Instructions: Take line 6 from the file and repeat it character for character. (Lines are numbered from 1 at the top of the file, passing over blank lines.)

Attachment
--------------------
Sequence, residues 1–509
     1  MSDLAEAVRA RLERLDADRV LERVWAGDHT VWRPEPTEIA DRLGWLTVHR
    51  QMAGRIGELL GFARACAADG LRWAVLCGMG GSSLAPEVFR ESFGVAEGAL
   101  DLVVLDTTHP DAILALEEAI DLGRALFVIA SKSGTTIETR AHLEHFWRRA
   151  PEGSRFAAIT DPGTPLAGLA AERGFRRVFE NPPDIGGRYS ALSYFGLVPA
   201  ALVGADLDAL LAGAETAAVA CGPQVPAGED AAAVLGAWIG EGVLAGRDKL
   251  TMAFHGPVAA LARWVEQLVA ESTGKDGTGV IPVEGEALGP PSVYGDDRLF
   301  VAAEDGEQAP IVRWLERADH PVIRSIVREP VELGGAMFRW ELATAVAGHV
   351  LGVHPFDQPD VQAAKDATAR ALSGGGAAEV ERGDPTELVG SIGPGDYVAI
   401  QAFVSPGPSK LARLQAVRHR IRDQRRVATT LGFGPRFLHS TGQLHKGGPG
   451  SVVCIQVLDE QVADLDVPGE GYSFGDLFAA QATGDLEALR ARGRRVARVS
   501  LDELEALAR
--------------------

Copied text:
   201  ALVGADLDAL LAGAETAAVA CGPQVPAGED AAAVLGAWIG EGVLAGRDKL